What’s the right balance between working time and relaxation time? Projects and play? Personal investment and leisure?
The answer is “whatever maximizes those values.”
None of those things should be measured in time. Our view of time is flawed; most people view time as a measurement of effectiveness, but it’s very much not. Time is an input. A cost.
Think about how people talk about work, for instance. “Ten hours of work” as a statement means, to most people, more work than “five hours of work.” But that’s just how long it took – not the result, the effectiveness. It’s possible to do much more in five hours than in ten based on other factors, and there are many such factors to consider.
So measuring things based just on how long they take as a value judgment on their efficacy is silly. Yet we do the same thing with our play. We always want more leisure time, but we rarely take the time to evaluate whether our leisure time is effective. We feel dirty even talking about “effective” leisure time! But that’s also silly – no matter what we do, we should want to do it well and get the results we’re truly after.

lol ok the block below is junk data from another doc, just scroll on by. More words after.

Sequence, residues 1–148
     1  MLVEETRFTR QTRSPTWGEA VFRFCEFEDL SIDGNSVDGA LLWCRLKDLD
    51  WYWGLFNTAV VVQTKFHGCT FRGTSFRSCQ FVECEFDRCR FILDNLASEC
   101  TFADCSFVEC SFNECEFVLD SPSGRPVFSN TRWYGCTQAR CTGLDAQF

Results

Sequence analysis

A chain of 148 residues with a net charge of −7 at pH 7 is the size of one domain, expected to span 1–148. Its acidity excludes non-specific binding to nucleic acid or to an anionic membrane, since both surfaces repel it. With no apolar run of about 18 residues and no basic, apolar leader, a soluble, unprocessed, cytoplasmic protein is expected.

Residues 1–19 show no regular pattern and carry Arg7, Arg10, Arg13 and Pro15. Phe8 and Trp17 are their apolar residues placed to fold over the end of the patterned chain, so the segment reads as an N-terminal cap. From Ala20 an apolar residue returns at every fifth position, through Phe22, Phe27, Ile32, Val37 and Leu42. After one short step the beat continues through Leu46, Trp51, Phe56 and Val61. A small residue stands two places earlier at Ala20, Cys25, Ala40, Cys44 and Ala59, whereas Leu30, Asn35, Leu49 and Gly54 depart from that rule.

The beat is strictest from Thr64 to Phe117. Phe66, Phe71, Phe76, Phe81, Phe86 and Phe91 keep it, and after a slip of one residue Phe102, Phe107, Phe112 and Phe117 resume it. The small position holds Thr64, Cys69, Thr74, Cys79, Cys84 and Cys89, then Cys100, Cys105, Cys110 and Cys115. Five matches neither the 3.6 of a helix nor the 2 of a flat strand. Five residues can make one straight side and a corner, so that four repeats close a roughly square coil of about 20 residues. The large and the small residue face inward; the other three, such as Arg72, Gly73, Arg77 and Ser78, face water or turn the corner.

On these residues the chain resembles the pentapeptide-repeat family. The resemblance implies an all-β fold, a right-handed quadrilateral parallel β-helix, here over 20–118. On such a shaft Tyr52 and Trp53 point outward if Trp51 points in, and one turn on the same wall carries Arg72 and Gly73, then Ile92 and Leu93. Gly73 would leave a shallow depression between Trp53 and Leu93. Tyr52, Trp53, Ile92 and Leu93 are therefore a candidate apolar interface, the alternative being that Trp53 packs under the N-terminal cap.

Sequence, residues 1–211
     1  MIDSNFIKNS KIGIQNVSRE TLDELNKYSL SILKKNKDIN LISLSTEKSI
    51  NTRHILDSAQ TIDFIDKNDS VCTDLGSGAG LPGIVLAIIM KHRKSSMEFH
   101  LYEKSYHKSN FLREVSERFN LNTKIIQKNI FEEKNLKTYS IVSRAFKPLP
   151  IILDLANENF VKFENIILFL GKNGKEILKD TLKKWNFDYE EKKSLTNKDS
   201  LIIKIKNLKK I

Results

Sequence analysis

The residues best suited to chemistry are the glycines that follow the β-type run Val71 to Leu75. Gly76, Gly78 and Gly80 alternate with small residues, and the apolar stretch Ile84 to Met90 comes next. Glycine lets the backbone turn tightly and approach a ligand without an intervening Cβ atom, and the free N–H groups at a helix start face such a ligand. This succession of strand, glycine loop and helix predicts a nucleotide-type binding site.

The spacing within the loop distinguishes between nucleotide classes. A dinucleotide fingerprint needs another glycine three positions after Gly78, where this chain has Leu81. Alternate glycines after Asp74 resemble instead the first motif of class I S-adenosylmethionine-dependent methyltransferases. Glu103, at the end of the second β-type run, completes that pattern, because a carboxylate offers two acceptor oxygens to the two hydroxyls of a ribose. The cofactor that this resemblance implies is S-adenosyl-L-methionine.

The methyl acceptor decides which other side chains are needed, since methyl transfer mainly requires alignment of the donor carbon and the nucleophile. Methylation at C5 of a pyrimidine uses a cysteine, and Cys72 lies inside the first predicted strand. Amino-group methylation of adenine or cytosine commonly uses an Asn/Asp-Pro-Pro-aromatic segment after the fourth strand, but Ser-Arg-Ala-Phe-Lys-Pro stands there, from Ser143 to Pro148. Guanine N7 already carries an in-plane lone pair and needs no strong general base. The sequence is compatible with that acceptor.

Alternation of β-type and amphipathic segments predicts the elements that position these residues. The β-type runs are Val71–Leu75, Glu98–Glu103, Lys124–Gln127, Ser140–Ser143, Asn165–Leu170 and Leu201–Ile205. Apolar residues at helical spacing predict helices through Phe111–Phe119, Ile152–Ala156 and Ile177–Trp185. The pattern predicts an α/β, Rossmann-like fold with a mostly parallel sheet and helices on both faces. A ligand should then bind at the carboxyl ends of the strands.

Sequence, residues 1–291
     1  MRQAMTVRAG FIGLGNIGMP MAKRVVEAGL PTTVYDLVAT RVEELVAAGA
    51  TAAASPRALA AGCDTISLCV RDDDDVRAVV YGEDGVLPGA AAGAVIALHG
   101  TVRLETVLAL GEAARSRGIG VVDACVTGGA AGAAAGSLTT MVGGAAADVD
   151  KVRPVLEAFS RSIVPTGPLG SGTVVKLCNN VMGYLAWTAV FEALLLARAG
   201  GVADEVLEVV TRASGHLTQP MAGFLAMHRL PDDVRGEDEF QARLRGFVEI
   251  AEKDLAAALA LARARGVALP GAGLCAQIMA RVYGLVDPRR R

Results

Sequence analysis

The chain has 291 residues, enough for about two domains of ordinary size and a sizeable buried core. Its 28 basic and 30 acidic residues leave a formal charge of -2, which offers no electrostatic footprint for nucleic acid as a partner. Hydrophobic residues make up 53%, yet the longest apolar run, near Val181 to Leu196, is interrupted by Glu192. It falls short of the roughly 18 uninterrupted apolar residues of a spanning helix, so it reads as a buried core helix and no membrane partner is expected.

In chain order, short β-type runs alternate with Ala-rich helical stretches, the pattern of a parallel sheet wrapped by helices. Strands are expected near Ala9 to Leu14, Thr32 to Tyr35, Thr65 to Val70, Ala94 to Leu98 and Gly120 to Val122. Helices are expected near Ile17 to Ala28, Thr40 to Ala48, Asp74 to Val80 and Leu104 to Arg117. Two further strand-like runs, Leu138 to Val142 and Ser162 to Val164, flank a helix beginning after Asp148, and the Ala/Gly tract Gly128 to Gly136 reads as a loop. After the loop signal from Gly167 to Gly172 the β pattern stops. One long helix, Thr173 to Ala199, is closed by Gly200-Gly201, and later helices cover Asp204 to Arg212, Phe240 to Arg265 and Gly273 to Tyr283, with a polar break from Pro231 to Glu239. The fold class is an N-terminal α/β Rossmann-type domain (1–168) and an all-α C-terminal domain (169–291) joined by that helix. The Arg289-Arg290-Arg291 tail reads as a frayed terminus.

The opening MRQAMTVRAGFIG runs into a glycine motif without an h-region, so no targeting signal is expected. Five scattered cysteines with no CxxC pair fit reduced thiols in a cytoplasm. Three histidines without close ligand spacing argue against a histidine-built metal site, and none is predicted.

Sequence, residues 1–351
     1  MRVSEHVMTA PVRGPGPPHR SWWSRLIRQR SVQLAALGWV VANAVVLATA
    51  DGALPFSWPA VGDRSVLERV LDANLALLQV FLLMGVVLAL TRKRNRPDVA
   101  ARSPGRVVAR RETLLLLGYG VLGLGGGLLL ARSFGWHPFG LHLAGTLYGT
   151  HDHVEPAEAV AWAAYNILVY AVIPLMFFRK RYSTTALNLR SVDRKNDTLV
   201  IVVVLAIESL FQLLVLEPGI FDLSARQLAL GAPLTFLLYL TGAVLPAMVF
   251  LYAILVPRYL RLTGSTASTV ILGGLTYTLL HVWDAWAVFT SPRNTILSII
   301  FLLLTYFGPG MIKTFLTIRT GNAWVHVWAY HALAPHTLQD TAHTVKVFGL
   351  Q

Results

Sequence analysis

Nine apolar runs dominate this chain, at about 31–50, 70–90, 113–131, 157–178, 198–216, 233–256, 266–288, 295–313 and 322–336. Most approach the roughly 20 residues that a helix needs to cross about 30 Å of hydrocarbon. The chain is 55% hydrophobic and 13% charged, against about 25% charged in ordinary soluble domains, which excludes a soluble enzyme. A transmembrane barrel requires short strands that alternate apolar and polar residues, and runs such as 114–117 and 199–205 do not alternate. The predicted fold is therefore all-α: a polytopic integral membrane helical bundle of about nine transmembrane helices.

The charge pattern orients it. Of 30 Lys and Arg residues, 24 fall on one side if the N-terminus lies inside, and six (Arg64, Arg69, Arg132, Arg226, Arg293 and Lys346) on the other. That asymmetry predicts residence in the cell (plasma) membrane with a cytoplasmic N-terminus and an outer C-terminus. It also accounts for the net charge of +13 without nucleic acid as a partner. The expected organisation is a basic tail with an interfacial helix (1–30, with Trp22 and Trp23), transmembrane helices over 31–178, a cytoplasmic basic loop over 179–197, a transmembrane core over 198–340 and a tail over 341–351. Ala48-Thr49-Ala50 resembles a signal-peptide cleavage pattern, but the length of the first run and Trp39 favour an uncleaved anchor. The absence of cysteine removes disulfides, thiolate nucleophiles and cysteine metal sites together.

Work shouldn’t be measured in time, it should be measured in results. The same is true of leisure, personal development, anything else. We should be measuring how we feel, whether we’re happy. For me personally, an hour of leisure time makes me feel amazing – but six hours makes me feel slothful and unhappy. Major diminishing marginal returns.
So for me, maximizing the effectiveness of those different spheres is not accomplished by maximizing the hours poured into each one. The same for work – if I doubled the number of hours I spend on work each week, I would definitely not double my actual output.
So the “right” amount of each of these things is the amount where you don’t hit the downslope of marginal returns. For each unit of time measurement (a day, a week, etc.), you should work until work stops giving you good results, you should play until you stop being happier from playing, you should develop yourself until you aren’t actually developing. You shouldn’t do more – even if you wish with all your might that doing more would give you more results. Wishing won’t make it so, but paying attention to what really happens – instead of just how many hours are getting spent and increasing that number – can make you better at anything.